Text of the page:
Left hand advantage in a self-face recognition task
Julian Paul Keenan a,*, Bruce McCutcheon b, Stefanie Freund a, Gordon G. Gallup Jr. b, Glenn Sanders b, Alvaro Pascual-Leone a a
Laboratory for Magnetic Brain Stimulation, Department of Neurology, Beth Israel Deaconess Medical Center, Harvard Medical School, Boston, MA 02215, USA b Department of Psychology, The State University of New York, The University at Albany, Albany, NY, USA Received 25 August 1998; accepted 1 February 1999
Abstract Subjects were exposed to pictures of self and others (e.g., friend, stranger, and famous people) to determine if there was an advantage in reaction time and accuracy in identifying the self. It was found that upright and inverted self-faces were identi®ed more rapidly than non-self faces when subjects responded with their left hand, which in other tasks has corresponded with contralateral hemispheric dominance. These data suggest that self-recognition may be correlated with neural activity in the right hemisphere, and that the dierences observed may not be unique to self-face recognition. These results are in agreement with previous research indicating that self-directed awareness is correlated with right prefrontal activity. # 1999 Elsevier Science Ltd. All rights reserved.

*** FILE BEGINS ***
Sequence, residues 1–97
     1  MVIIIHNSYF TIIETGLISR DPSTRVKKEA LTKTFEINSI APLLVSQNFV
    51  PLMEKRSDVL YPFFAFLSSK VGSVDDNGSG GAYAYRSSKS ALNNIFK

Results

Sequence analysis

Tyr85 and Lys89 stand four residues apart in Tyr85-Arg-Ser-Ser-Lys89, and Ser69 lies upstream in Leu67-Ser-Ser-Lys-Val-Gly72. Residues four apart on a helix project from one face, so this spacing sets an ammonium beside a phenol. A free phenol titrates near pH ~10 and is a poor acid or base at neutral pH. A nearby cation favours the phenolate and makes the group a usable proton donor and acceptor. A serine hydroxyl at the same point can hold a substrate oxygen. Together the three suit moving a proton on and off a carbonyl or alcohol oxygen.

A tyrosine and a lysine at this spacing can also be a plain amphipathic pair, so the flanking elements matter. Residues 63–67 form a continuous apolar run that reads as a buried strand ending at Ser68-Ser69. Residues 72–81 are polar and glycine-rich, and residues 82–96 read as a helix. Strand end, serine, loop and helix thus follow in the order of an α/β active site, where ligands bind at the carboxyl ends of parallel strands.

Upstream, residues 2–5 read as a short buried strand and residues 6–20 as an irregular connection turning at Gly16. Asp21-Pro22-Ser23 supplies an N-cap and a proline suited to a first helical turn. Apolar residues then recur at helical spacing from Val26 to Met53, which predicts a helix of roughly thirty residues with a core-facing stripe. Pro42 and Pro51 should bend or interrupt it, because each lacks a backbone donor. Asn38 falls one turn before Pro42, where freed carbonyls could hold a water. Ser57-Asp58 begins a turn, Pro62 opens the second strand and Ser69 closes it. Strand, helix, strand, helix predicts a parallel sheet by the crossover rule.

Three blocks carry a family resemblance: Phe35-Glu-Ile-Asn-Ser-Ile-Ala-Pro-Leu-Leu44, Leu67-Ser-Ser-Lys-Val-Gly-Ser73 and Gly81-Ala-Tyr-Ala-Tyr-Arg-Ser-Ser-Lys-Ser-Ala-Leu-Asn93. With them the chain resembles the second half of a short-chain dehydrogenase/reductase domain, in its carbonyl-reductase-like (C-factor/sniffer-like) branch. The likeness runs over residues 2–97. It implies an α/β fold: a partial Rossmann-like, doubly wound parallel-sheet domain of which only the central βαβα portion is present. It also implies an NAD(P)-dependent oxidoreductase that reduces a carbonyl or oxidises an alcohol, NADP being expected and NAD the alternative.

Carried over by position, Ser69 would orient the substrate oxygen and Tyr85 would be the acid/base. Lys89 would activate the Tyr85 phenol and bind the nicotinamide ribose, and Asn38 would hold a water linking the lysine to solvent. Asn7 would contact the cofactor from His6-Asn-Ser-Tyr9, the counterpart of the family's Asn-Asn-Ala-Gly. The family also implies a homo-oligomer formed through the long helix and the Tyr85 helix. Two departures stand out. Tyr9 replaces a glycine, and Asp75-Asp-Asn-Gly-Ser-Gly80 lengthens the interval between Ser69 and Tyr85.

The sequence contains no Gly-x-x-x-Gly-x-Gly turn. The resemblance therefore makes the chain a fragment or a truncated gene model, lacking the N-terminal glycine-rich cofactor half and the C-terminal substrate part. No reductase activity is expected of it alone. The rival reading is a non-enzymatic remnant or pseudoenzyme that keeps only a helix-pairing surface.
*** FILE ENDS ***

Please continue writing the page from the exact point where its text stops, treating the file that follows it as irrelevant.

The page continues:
1. Introduction The neural correlates of self-awareness, or self-recognition are unknown, though there is evidence that the processing of self-related material may preferentially involve the right hemisphere. In a positron emission tomography (PET) study, Fink et al.  presented subjects with various statements either concerning themselves (personal) or not (impersonal). The authors found increased right prefrontal activation during the personal condition. In another PET study  large activation occurred in the right frontal cortex during retrieval of autobiographical words as compared with a neutral task....